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The "It" Veggie
While fresh kale is available year-round (and you can even buy it prewashed and chopped), you may not realize you can also buy frozen bags of the popular leafy green. Sure, you'll want the fresh stuff if you're making a salad, but frozen kale is superversatile. Kristen Gradney, director of nutrition and metabolic services at Our Lady of the Lake Regional Medical Center in Baton Rouge, adds it to smoothies. (Bonus: since it's so cold, it'll keep the smoothie chilled—just throw it in frozen.) When she's cooking, Gradney mixes frozen kale into any dish that includes ground meat, whether meatloaf, spaghetti sauce or lasagna, to give it a nutritional bump. She also stirs it into breakfast dishes, from hash browns to quiche to scrambled eggs. You don't even have to defrost it first, since the hot ingredients you're combining it with will do the job in a flash.

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A Burger You'll Feel Great About
When your fridge is practically empty, and lunch or dinner is looking like it's going to be PB&J, a box of frozen veggie burgers can be a lifesaver. Try them with whole grain bagel thins, which have fewer calories and sodium than most buns, suggests Gradney. For add-ons, she likes guacamole as a healthy alternative to mayo, and spinach instead of iceberg lettuce. Veggie patties can even make terrific pizza toppers. Gradney's advice is to seek out patties made with a bean base (versus soy), as they tend to have more fiber. And keep an eye on the amount of sodium—300 mg, or less, per serving is ideal.

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The Old Standby
Peas and carrots may not be trendy health foods, yet these oldies but goodies are reliable sources of fiber, as well as A, C, K and B vitamins. Gradney reinvents the duo by defrosting and then pureeing them and adding the blend to pasta, almost like pesto. Sprinkle with grated Parmesan cheese and freshly ground pepper, and you'll be surprised how tasty it is, she says. Another idea: Toss them into brown rice for a side dish with added nutrition. Or, serve them with these herbs and spices to put a global spin on the veggies.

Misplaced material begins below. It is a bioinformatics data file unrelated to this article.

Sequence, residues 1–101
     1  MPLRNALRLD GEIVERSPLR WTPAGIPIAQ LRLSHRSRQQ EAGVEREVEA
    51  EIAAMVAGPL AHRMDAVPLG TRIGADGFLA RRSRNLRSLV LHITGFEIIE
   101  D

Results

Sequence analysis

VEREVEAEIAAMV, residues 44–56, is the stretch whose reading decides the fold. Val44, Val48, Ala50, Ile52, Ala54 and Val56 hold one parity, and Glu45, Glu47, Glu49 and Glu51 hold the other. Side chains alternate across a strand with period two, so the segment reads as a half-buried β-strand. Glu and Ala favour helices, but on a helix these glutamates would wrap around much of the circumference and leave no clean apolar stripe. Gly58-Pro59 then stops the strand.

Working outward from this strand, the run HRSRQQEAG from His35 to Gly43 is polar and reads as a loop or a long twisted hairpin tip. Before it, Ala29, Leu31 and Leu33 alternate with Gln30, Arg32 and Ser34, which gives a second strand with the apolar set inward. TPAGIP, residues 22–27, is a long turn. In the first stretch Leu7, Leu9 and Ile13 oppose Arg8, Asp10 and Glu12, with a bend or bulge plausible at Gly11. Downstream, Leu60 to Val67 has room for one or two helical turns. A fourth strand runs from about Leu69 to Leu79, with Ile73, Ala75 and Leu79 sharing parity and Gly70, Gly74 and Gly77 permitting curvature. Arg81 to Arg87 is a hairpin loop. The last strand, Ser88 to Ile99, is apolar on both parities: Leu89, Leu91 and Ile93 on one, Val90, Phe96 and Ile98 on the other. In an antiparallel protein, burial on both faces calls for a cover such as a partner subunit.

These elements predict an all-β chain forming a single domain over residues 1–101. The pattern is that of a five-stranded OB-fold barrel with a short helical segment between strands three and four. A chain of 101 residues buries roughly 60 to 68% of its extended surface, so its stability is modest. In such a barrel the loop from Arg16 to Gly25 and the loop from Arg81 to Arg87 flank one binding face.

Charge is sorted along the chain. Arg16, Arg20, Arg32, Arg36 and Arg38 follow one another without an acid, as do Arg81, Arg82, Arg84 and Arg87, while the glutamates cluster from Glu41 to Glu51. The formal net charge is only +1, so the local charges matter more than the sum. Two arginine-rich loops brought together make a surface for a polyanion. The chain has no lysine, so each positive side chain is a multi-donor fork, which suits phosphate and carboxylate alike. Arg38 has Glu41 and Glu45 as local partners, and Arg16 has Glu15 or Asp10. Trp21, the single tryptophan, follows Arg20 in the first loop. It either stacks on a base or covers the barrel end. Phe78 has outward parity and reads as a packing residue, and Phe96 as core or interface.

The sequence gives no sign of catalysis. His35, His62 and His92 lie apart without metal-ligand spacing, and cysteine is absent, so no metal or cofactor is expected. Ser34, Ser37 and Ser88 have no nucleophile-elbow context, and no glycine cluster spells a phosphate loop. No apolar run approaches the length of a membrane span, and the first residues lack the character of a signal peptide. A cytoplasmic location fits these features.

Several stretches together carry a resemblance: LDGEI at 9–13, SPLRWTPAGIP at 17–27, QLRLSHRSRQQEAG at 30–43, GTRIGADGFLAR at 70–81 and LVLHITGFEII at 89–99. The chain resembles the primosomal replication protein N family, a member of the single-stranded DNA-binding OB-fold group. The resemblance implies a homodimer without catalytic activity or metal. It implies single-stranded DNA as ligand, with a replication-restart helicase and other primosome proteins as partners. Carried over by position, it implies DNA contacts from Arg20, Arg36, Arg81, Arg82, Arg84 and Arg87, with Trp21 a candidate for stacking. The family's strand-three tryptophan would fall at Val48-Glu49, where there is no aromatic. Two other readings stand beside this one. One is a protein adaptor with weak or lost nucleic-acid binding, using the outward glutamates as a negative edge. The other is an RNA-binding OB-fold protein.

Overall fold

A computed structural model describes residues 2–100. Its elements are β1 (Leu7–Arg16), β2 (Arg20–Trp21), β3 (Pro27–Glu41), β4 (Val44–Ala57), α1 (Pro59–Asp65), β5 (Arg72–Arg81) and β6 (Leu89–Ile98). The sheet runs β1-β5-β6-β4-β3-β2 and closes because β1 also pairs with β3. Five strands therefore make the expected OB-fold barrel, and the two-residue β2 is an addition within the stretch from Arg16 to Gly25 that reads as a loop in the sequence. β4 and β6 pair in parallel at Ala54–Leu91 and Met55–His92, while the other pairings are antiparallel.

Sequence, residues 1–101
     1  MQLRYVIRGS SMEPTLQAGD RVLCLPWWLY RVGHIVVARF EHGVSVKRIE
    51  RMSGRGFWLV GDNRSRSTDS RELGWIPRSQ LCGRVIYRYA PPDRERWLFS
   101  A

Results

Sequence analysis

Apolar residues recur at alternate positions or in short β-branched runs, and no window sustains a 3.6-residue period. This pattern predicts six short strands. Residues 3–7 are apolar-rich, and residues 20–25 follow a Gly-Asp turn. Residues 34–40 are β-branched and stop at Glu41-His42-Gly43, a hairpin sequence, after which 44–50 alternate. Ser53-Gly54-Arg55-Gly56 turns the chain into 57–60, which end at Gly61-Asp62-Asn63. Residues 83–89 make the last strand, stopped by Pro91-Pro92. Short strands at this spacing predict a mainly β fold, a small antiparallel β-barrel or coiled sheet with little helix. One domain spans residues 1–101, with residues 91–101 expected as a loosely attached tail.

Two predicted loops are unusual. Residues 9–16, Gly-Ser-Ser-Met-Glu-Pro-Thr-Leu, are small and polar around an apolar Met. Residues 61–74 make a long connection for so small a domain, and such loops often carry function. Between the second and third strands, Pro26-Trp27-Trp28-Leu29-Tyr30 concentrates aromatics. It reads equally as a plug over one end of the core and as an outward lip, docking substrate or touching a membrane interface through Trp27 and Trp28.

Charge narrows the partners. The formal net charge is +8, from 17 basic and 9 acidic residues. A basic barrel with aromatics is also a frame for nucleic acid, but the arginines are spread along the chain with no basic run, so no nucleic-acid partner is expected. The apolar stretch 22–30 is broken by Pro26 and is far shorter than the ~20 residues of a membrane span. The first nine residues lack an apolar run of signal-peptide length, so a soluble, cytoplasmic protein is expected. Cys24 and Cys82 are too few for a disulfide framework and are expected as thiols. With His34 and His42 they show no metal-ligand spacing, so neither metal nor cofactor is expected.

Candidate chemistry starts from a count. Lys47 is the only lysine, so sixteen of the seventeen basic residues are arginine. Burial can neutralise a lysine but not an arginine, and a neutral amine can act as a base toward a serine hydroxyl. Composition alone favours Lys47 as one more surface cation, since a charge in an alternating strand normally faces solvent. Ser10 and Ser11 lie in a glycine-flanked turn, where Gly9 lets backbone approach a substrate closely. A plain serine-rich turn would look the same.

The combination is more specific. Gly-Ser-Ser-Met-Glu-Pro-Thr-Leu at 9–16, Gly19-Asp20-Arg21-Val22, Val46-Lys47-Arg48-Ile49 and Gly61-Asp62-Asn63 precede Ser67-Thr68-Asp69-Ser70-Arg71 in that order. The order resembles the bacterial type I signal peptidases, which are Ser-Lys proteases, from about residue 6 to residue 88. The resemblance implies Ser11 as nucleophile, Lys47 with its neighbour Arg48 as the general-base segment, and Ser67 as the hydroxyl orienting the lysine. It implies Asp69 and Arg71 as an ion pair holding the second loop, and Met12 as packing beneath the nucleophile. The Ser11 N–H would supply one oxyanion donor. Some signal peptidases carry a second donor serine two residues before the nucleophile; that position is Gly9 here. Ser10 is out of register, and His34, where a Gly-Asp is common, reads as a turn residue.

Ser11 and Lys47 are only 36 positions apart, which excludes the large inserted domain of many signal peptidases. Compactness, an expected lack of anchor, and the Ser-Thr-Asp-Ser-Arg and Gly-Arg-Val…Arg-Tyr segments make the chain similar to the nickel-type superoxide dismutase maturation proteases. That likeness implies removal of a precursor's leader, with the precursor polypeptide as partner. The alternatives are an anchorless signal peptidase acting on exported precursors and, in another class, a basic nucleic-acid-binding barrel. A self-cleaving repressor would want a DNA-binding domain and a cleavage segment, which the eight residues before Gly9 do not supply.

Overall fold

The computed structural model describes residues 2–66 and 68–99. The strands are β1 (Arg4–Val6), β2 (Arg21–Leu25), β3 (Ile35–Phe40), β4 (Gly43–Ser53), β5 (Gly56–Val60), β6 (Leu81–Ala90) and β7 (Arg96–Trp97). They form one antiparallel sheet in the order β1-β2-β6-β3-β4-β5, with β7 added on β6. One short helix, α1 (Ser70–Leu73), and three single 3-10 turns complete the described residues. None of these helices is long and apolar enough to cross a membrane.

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The Irresistible Japanese Restaurant Snack
Addictive as potato chips but way better for you, frozen edamame is a fantastic food to keep in your freezer for between meals and is packed with protein and nutrients. And if you buy the kind you need to shell, you'll probably eat less, says Gradney, since the empty pods can serve as a visual cue to stop eating (similar to what researchers have found with pistachios).

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The Protein You Can Cook Frozen
The best raw ingredient to keep in your freezer for from-scratch dinners might just be frozen seafood. The low-fat, omega-3-packed protein can be cooked any number of ways; and, even better, you don't even have to fully defrost it first. Gradney's go-to varieties include cod and tilapia; she slices the partially thawed fish into rectangles, dips them in egg white and seasoned panko bread crumbs, sprays them with olive oil and bakes until crispy and cooked through.

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The Sweet Treat with Infinite Possibilities
We were relieved to hear there's virtually no difference, nutritionally speaking, between fresh and frozen fruit. Gradney says that, from a health standpoint, they're pretty much interchangeable. Plus, she adds, there are so many creative ways to eat frozen fruit beyond the usual smoothie. Simmer berries or peaches on the stove until they turn into a chunky syrup, then spoon over plain yogurt; or, make (nearly) insta-sorbet: Let the fruit soften slightly at room temperature, then puree in a blender and eat with a spoon.